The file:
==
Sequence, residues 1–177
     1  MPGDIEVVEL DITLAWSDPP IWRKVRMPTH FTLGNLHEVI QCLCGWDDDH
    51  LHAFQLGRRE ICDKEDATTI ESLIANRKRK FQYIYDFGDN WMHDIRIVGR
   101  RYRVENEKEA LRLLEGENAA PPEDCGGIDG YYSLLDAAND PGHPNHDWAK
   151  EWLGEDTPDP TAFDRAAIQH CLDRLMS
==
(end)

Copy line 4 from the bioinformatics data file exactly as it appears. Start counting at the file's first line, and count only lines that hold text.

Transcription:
   101  RYRVENEKEA LRLLEGENAA PPEDCGGIDG YYSLLDAAND PGHPNHDWAK